Microsoft hack shows how to lose and win the cyberwar
Speaking at a computer security conference four years ago, Microsoft Corp.’s president, Brad Smith, warned that digital theft and sabotage had taken a darker turn.
Speaking at a computer security conference four years ago, Microsoft Corp.'s president, Brad Smith, warned that digital theft and sabotage had taken a darker turn. Nation-states, he said, had become increasingly aggressive and ubiquitous hackers, targeting so many facets of private and public life that “nothing seems off limits.”
Smith noted that Microsoft had institutionalized cyber warfare reconnaissance by establishing an internal Threat Intelligence Center and was making use of behavioral analysis, machine learning, forensics and data to bulletproof its products and services. To counterattack, he called for greater collaboration between the public and private sectors, sought greater corporate transparency about hacks and asked leading governments to embrace a “Digital Geneva Convention” that would set global limits around digital espionage and disruption.
Little of that came to pass beyond Microsoft's walls. And Smith found himself sounding many of the same warnings again in congressional hearings less than two weeks ago in the wake of the massive SolarWinds hack. Then, because fate is a vengeful thing, Microsoft disclosed last week that it was at the center of a sprawling hack engineered by China that began Jan. 3 but had only been uncovered recently.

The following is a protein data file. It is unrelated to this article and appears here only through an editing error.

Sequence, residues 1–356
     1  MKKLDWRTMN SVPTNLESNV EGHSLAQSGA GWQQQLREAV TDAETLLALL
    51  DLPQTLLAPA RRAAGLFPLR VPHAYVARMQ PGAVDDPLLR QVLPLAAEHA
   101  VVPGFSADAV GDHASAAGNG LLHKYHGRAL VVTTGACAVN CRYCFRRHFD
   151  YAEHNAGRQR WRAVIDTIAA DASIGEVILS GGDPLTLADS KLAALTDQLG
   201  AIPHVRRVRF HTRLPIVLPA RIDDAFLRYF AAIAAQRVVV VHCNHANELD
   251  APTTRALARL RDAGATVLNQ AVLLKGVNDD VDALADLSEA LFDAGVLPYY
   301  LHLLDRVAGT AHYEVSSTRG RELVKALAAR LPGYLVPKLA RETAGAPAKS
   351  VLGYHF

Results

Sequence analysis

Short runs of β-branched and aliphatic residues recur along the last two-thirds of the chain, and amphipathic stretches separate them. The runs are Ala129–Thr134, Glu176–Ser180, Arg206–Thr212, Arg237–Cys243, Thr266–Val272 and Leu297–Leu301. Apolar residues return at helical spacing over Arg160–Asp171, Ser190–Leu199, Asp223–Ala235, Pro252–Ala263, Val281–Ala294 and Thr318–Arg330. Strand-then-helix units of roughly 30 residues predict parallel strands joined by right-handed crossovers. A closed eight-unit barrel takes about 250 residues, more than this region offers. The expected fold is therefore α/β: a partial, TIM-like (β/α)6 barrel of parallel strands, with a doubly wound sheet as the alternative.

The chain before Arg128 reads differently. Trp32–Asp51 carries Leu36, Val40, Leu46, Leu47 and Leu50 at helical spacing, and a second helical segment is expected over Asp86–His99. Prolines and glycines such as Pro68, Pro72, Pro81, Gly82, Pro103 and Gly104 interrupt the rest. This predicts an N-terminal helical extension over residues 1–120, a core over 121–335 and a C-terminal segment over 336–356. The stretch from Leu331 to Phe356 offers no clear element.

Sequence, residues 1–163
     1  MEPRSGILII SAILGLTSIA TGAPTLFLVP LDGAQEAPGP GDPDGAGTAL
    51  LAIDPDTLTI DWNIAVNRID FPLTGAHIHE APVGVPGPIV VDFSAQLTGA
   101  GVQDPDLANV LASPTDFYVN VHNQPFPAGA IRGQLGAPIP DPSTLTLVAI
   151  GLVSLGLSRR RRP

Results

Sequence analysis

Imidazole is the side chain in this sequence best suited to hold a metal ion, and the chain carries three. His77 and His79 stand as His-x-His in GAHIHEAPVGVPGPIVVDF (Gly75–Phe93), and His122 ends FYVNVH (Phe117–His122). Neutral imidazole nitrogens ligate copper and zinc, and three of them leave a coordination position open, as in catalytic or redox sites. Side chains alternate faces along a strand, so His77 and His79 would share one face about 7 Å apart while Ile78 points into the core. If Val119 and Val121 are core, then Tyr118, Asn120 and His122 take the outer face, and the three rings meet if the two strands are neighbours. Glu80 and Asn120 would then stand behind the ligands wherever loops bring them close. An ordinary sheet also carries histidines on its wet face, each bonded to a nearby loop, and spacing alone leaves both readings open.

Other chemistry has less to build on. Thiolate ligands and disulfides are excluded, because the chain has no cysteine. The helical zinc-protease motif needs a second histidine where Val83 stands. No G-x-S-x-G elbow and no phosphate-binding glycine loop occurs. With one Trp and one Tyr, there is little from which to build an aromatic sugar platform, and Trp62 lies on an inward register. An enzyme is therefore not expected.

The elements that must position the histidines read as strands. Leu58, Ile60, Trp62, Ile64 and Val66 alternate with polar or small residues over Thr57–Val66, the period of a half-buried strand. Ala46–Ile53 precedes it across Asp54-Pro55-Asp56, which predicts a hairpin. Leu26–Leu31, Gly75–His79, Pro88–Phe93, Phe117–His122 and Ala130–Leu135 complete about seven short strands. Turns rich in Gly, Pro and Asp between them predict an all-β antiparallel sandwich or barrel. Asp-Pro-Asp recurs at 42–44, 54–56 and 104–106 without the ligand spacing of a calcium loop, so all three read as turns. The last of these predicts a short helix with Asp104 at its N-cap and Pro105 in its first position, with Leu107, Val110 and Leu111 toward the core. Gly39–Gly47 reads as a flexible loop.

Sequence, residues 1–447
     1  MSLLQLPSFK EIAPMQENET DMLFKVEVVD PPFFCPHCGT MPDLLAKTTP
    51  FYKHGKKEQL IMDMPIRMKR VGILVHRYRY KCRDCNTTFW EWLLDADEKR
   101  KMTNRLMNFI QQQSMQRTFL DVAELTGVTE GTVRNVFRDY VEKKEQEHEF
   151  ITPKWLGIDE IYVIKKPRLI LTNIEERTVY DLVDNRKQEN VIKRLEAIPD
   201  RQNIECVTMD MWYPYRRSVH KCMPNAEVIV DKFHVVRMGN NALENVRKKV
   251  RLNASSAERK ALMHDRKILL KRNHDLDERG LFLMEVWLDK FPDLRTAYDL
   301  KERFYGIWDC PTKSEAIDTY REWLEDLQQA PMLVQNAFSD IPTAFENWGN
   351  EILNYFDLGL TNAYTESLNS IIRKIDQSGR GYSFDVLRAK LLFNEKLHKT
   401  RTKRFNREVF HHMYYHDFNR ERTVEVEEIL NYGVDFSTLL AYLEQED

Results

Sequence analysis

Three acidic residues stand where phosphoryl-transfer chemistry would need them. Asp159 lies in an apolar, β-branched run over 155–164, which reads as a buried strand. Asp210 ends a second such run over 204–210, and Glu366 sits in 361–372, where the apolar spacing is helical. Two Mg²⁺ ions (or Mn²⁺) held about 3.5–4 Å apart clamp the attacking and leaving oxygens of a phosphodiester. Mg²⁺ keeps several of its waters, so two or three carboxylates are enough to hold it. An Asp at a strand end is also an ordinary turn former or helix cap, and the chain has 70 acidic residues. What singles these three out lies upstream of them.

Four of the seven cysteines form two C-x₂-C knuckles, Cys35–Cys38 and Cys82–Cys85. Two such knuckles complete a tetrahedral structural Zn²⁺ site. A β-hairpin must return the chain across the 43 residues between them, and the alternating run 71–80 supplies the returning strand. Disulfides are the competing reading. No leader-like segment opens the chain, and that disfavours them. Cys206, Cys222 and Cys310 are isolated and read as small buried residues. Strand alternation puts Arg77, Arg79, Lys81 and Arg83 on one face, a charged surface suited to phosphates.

In a brutal twist, Microsoft's disclosure, and its effort to patch up the breach of email software it sells to businesses, inspired the hackers to accelerate their attacks before they were expelled. By Monday, at least 60,000 victims had been hacked worldwide, many of them small to medium-size businesses and public enterprises such as airports, local governments, police, prisons, hospitals and Covid-19 response teams. It's a staggering number, though it's likely that only a small percentage of those will suffer a damaging intrusion and data loss.
Yes, Microsoft should have done better. Hackers found a vulnerability in the company's web-facing Exchange product it had overlooked, and that allowed them to sneak on to tens of thousands of email servers. The fixes Microsoft has sent to customers aren't disinfectants: They will keep new hackers from burgling, but predators who already made it inside could still be lurking on a network. Victims will have to strip down their systems to see if malware remains, a painstaking process that can overwhelm smaller firms.
It's ugly. But Microsoft is an inevitable target due to its size. Unlike most of its major counterparts, it also has been willing to go public with information that might build alliances able to battle government-sponsored hackers more effectively. And it's taken the risky – and courageous — step of repeatedly identifying countries such as Iran, North Korea, Russia and China that it believes are orchestrating assaults, even when other big companies stay mum. Amazon.com Inc., for example, declined to testify at the SolarWinds hearings, even though hackers used its cloud computing operation's servers to stage digital assaults. (China has denied that it's behind the Microsoft hack.)